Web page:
What transpires is a beautiful unfolding of relationships that shouldn’t merely be recounted as plot developments. Ishida makes some friends, some who have never had friends before. Nagatsuka (Kenshō Ono) is another loner at school, who is hassled for his bike one day. Ishida steps in and settles the issue, and finds that he has a loyal bodyguard for life. Mashima (Toshiyuki Toynaga) is presented like a dreamy teen idol, yet exudes patience beyond his years. Kawai (Megumi Han) is obsessed with retaining a moral image, even at the cost of her honesty with herself. Sahara (Yui Ishikawa) seems to have grown up so much, but intimidates herself when it comes to crunch time. Perhaps the deepest of them all, however, is Ueno (Yūki Kaneko), who started off as friends with Nishimiya in primary school, distanced herself, and has, in her mind, very valid reasons for doing so. Ueno is just as scared about the world in front of her, but she carries herself with a nastiness that she justifies as honesty. Friendship and love are at the heart of A Silent Voice, and the way that this is tested by hormonal teenagers trying their best to be the best version of themselves, or at least the most beloved version of themselves, goes beyond harrowingly nuanced and becomes touching.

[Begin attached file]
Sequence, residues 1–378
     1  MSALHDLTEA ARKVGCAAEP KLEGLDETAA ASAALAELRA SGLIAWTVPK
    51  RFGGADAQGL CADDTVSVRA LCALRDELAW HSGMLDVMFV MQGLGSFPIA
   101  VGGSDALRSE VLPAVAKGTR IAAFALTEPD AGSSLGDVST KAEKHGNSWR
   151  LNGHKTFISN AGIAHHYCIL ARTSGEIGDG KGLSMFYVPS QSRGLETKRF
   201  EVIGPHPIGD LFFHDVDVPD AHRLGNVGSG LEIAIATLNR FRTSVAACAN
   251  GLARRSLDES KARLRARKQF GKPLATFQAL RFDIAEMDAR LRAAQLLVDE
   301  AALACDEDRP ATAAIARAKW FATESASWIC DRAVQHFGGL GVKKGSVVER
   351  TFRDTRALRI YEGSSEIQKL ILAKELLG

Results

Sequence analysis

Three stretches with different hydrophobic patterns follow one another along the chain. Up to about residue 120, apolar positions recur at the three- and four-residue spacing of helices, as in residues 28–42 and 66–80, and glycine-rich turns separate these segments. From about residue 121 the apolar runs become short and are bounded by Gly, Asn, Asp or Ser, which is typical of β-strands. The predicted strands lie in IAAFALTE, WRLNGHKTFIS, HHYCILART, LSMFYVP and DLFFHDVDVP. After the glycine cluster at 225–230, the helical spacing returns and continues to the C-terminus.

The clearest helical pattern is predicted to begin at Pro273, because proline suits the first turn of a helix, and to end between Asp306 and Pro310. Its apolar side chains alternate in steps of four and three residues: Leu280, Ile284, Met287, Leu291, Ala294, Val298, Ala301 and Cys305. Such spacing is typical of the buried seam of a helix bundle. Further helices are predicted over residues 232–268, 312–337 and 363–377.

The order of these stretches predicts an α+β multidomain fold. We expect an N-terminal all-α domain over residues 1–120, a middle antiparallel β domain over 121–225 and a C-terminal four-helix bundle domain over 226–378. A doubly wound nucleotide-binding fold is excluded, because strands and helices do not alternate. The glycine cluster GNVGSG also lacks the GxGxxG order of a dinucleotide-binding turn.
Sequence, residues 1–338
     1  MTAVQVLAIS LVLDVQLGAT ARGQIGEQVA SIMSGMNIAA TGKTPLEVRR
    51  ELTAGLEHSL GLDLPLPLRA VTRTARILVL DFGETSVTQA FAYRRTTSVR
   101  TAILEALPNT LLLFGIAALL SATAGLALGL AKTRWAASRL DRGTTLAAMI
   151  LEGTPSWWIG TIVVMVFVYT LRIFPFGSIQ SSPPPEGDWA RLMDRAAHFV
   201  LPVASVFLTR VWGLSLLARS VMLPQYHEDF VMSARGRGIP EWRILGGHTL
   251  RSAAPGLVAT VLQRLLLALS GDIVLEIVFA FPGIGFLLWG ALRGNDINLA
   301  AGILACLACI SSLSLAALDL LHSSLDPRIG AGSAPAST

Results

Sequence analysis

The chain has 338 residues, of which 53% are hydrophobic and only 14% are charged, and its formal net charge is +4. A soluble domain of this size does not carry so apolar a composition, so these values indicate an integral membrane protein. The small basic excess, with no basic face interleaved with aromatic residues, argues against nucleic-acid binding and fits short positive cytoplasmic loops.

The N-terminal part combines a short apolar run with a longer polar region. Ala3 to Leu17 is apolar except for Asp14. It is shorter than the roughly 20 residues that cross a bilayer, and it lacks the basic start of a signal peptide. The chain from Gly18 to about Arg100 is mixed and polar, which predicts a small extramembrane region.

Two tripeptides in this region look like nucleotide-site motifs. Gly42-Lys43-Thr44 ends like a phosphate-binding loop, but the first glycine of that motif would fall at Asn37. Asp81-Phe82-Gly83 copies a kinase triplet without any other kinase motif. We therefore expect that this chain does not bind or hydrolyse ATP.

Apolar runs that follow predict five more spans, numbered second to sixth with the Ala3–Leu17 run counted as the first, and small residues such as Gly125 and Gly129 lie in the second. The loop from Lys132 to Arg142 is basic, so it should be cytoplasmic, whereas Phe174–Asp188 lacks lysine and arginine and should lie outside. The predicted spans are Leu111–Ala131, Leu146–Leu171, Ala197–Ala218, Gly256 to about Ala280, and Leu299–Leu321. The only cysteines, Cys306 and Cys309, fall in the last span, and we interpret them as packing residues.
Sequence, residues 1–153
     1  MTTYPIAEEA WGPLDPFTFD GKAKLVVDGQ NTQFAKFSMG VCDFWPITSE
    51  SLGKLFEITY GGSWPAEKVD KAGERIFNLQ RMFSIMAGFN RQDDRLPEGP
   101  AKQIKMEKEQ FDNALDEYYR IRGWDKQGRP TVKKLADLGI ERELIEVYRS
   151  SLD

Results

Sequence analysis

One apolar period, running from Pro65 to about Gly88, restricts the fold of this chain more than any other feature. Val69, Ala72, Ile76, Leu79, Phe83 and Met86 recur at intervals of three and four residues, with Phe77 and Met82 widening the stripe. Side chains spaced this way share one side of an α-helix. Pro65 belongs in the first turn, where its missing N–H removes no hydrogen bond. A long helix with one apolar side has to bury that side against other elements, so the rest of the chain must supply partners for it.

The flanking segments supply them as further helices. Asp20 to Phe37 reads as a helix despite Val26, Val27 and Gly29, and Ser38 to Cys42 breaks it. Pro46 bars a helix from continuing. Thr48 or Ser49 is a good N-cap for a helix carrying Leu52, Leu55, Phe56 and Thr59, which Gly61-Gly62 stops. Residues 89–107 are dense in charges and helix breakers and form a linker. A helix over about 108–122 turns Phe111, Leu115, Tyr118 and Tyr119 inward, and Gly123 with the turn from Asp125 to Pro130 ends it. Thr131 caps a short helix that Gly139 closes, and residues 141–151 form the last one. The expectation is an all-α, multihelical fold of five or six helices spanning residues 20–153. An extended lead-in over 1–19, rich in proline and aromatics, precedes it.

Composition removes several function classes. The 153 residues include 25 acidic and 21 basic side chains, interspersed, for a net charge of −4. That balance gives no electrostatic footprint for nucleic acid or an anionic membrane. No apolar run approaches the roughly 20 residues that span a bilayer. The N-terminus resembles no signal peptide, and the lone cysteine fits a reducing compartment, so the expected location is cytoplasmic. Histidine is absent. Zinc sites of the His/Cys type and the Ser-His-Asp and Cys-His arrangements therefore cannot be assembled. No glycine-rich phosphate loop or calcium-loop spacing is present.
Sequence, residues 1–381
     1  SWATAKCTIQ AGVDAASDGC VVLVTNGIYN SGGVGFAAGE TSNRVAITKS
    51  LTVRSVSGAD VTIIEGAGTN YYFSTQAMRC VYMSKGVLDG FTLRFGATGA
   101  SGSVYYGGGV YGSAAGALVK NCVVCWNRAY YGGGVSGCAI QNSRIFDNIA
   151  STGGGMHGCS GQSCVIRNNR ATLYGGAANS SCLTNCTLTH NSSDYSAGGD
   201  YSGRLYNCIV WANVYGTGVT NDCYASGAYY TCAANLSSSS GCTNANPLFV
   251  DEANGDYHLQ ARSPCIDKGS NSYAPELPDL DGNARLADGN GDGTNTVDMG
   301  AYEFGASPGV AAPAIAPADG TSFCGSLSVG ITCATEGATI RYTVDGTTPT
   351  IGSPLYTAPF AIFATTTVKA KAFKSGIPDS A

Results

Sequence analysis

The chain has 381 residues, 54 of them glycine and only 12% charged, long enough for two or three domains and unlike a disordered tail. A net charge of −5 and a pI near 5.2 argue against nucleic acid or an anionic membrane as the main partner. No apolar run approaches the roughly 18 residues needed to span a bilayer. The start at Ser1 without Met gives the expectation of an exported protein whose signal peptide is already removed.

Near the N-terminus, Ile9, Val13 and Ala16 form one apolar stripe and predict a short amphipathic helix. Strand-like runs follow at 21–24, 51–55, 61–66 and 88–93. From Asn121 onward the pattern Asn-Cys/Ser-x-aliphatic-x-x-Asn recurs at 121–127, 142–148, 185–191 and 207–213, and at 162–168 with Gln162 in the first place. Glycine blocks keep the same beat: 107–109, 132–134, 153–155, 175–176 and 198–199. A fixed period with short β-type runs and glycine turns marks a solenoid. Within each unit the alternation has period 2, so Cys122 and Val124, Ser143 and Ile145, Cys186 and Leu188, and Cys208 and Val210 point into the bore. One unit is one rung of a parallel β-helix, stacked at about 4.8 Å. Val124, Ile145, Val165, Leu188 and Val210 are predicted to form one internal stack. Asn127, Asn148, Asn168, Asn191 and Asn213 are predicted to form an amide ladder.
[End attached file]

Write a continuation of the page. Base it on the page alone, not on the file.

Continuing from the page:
A Silent Voice is animated gorgeously. Less concerned with the fantastic, and more focused on creating human portraits of neuroses, the most rewarding elements of the animation are in the tiny details. As a scrappy young boy, the tag at the back of Ishida’s shirt protrudes as he gets up to all sorts of antics with his friends. As an older boy, not taking notice of his tag is a habit he has not grown out of. I think my favourite animated touch was during a conversation between Ishida and Nishimiya in the later stages of the film. There is a lot to be said between the two characters, and it anchors them, right then, right there, in that place and time. We’ve all had emotionally cathartic moments like that—where there is nowhere else we would rather be, and the world outside us just melts away. Nothing else matters. It is during this moment that we cut away to a plane flying overhead. There are other people in this world; other places; other loves. Penetrating through this isolated, static, emotionally dense bubble is the perfect symbol for transience, the kinetic, and the connected.